Pilgrimage to the Holy Land

Christ the King

The scripture readings for today can be found at http://usccb.org/bible/readings/112314.cfm

Today is the last Sunday on the Church Calendar and is known as Christ the King Sunday. The Feast of Christ the King is a recent feast. It was instituted by Pope Pius XI in 1925 because nations and rulers were abusing their power at the time.

The term "king" may sound strange to our American ears. After all, over 200 years ago we fought the Revolutionary war to break free from the tyranny and abuse of King George. We have no kings or queens ruling over us. Yet, how often does the news media pay attention to the royal family in England whenever a major event, like the birth of a new child, takes place? After all, who really cares?

Almost 200 years before our own Revolutionary war there was another example of an abusive king. St. Thomas More, the 16th century Lord Chancellor of England, was beheaded for refusing to sign a letter asking Pope Clement VII to annul King Henry VIII'S marriage to Catherine of Aragon because she had not given him a son. He further antagonized Henry VIII by refusing to take an Oath of Supremacy declaring Henry Supreme Head of the Church of England. On his way to the scaffold, Thomas sent a message to Henry saying, "I die the king's faithful servant, but God's first."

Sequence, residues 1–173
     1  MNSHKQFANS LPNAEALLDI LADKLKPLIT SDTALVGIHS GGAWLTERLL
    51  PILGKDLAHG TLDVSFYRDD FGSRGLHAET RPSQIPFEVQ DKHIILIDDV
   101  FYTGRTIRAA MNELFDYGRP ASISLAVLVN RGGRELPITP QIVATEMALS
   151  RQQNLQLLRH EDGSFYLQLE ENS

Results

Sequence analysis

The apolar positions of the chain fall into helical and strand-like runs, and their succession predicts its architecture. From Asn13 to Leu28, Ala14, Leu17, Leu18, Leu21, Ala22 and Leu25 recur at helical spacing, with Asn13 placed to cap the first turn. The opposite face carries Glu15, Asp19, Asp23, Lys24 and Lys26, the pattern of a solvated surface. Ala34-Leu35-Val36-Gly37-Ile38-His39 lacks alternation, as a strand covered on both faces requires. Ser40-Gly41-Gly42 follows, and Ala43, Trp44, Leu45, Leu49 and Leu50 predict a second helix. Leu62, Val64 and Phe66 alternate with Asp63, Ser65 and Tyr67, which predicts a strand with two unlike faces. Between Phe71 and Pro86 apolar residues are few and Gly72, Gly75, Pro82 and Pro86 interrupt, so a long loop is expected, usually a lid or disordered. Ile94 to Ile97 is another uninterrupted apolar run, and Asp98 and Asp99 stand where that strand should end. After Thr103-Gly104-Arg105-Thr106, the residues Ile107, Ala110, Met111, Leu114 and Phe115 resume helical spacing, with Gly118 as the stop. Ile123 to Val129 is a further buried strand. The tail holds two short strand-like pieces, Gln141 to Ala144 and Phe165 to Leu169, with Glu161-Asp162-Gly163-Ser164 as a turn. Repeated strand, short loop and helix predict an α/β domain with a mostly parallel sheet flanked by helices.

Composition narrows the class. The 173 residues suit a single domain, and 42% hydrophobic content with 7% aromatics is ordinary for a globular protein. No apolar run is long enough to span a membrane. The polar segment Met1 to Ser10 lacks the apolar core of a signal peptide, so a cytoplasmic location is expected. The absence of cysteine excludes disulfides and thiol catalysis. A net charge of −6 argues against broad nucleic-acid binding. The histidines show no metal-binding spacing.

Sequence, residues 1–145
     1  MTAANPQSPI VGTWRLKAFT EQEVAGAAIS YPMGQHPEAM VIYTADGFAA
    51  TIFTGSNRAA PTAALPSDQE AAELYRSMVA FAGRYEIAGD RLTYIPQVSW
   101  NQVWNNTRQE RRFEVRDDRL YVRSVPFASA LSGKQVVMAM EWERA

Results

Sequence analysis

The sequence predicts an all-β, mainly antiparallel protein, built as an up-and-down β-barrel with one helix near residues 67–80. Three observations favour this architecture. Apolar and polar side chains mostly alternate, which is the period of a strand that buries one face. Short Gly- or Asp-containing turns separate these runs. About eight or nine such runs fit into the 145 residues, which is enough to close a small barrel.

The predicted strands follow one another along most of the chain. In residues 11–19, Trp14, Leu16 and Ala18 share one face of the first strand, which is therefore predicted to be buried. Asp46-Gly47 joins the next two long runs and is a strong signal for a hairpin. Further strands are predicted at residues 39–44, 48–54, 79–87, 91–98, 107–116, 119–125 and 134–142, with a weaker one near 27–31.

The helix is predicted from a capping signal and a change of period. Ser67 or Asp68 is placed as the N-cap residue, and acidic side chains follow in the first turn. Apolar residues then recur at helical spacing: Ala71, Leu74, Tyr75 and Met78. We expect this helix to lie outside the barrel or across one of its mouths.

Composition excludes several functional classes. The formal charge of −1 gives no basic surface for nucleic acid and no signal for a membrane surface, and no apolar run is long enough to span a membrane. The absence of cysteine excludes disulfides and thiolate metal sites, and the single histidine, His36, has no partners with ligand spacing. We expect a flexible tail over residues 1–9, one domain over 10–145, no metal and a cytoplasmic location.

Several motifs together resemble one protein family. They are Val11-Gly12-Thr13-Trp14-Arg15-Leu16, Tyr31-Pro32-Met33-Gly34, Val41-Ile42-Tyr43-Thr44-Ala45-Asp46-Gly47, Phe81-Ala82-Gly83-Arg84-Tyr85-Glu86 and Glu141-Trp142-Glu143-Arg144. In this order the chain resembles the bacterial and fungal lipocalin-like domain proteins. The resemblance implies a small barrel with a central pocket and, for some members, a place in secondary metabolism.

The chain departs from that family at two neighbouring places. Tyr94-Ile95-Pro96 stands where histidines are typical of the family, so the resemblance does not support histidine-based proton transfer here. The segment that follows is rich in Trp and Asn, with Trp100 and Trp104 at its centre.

Our gospel for this feast of Christ the King shows us how we are to live our lives. Not in service of kings & queens. Not in service to our selfish desires or lusts. We are to live the values of Christ's kingdom: that of service to others and of humility. We are called to have Christ at the center of our lives by feeding the hungry, giving drink to the thirsty, clothing the naked. We are to welcome the stranger (the immigrant). We are to comfort the ill. And we are to visit the imprisoned. The imprisoned can be more than those who are doing time in jail. The prisoner can be the next door neighbor who is sick and lonely, and has no family or friends to visit. Being imprisoned in your own home can be just as bad (or worse) than being held behind bars.

The fulfillment of Christ's kingdom in large part relies on us. It relies on our possessing faith, hope, and love that are strong and far-reaching. Christ's kingdom relies on our willingness to - like St. Thomas More - give our best as our King's good servants. "... whatever you did for one of these least brothers of mine, you did for me.’ Matthew 25:40

Praise be Jesus Christ, now and forever!


Deacon Tom Tortorella is a guest blogger on FatherRosado.com.  He is a permanent Deacon for the Archdiocese of New York and is currently assigned  to St. Clare of Assisi Church in the Bronx, NY.  He was ordained by His Eminence, Timothy Cardinal Dolan on June 19th, 2010.

The photo above was provided courtesy of John Stephen Dwyer


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